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Disaster Response

October 15, 1993 • Volume 3, Issue 38
Does the country need a new national strategy?
By Charles S. Clark

Introduction

Natural disasters are becoming more frequent and more serious in the United States. The property damage wrought by Florida's Hurricane Andrew last year -- quadruple that of any previous calamity -- has prompted government officials, insurers, scientists and relief specialists to call for a new national strategy to deal with -- and prevent -- disasters. Americans in hazard-prone areas are being asked to rethink their living situations, and the federal government is considering a new national reinsurance fund that would stand behind the commercial insurance industry in the event of unprecedented devastation. As the country recovers from nature's recent rampage, experts are pushing for new preventive measures, better coordination by government and an end to the all-too-human assumption that “It can't happen here.”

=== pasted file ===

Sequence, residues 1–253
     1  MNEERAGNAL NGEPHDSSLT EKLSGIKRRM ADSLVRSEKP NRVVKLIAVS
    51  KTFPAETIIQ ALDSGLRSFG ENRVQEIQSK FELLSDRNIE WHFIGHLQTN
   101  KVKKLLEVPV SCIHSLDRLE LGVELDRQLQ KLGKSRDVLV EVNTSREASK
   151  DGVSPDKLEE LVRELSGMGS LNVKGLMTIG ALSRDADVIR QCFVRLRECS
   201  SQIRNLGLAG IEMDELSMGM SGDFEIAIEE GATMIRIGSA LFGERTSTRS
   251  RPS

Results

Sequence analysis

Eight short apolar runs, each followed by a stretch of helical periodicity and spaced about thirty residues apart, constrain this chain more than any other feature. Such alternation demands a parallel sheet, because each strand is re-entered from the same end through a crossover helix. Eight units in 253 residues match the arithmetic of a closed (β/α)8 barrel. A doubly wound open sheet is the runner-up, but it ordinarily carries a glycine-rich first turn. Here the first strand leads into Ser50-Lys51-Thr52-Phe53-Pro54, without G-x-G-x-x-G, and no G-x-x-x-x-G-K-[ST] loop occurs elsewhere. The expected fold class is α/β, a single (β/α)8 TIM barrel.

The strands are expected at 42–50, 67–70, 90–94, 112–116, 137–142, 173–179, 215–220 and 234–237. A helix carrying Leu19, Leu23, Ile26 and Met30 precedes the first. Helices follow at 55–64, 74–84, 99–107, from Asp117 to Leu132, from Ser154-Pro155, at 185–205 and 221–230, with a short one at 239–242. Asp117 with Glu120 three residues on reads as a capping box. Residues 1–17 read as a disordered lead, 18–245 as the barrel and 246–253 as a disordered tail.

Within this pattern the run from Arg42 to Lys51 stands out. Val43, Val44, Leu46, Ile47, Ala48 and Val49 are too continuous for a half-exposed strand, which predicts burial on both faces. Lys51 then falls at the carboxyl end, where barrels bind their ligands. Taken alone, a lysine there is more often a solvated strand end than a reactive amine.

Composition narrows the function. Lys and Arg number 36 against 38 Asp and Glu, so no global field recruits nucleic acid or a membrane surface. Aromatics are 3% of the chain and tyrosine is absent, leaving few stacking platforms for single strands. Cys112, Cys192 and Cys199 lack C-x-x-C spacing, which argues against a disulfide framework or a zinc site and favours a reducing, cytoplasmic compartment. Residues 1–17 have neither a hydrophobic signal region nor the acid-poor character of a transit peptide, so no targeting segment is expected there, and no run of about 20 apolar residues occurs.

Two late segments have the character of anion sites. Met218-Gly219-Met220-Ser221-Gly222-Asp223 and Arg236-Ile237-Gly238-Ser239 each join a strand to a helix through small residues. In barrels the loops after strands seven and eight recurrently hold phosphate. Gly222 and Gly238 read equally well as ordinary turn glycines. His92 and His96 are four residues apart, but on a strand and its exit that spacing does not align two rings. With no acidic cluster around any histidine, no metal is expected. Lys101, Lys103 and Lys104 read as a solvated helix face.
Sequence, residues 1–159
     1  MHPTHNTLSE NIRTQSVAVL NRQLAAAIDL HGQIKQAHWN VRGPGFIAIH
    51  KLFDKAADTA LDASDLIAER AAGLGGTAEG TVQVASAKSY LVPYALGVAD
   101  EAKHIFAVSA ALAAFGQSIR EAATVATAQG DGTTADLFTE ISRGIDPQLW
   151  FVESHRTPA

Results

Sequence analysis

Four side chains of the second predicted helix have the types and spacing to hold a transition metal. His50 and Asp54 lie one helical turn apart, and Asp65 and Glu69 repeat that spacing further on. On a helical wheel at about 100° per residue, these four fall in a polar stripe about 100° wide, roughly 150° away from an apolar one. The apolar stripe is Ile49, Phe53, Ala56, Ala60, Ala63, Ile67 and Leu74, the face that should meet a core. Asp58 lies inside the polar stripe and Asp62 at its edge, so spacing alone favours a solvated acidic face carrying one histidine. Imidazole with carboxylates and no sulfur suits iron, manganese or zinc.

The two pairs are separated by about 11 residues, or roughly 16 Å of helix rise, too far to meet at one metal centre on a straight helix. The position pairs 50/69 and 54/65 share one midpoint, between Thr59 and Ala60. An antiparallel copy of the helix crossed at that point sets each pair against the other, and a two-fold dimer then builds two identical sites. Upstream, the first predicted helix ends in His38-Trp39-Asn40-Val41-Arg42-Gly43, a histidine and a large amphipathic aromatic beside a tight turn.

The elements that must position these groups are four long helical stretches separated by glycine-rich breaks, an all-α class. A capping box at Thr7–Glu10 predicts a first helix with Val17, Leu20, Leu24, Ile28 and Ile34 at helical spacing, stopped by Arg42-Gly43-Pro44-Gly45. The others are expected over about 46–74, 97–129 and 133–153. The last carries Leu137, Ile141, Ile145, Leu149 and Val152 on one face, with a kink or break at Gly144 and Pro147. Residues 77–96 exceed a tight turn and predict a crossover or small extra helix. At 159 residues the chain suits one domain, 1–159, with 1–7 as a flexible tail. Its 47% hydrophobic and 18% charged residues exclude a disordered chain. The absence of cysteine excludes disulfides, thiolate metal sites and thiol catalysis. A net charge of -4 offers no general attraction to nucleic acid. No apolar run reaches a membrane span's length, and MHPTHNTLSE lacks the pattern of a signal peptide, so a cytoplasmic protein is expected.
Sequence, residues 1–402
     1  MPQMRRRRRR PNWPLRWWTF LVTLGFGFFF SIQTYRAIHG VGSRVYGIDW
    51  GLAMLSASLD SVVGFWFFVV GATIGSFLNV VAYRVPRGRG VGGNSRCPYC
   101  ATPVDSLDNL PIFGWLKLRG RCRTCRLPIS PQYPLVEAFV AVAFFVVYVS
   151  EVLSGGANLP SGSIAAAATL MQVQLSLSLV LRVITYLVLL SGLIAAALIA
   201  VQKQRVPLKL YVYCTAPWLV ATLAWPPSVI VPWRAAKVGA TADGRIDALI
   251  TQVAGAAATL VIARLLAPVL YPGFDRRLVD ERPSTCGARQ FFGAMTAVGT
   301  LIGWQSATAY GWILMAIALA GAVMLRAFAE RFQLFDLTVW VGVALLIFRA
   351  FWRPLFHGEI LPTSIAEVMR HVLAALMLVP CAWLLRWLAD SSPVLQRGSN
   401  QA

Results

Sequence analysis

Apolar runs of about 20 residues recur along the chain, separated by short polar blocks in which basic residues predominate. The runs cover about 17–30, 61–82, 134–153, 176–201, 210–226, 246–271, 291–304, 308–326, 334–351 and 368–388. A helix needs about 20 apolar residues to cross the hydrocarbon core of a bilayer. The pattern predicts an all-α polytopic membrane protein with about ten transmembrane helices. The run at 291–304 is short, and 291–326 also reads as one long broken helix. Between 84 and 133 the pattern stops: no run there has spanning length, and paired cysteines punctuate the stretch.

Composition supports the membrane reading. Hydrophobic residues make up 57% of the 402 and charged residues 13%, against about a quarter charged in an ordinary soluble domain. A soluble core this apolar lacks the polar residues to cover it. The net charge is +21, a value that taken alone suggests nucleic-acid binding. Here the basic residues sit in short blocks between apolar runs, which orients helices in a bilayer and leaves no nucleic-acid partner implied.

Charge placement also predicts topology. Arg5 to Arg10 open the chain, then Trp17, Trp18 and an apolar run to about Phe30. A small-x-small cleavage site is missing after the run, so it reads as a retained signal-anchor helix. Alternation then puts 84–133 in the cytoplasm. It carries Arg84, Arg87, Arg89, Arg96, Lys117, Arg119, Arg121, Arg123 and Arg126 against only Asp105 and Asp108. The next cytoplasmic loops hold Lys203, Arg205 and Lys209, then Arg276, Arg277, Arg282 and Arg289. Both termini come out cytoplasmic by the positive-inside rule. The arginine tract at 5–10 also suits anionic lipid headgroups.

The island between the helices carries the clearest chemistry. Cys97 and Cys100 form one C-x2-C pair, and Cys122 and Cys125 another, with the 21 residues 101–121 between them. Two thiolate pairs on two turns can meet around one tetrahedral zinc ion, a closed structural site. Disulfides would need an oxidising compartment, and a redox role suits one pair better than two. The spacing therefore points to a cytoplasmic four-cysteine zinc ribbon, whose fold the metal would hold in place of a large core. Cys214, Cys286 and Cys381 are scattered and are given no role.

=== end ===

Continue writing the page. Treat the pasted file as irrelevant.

ISSUE TRACKER for Related Reports
Disasters and Preparedness
Aug. 02, 2013  Preparing for Disaster
Jun. 25, 2010  Offshore Drilling
Feb. 03, 2006  Rebuilding New Orleans
Nov. 18, 2005  Disaster PreparednessUpdated
Dec. 16, 1994  Earthquake Research
Oct. 15, 1993  Disaster Response
Jul. 15, 1988  Slow Progress in Earthquake Prediction
Apr. 12, 1985  Tornadoes
Jul. 16, 1976  Earthquake Forecasting
Mar. 19, 1969  Earthquakes: Causes and Consequences
Aug. 22, 1962  Government Stockpiling
Jan. 18, 1956  Disaster Insurance
Mar. 06, 1952  Mobilization for a Prolonged Emergency
Jul. 01, 1950  Stand-By Laws for War
Jan. 09, 1928  Economic Effects of the Mississippi Flood
May 19, 1927  Mississippi River Flood Relief and Control
BROWSE RELATED TOPICS:
Earth Sciences
Emergency Preparedness
Natural Disasters
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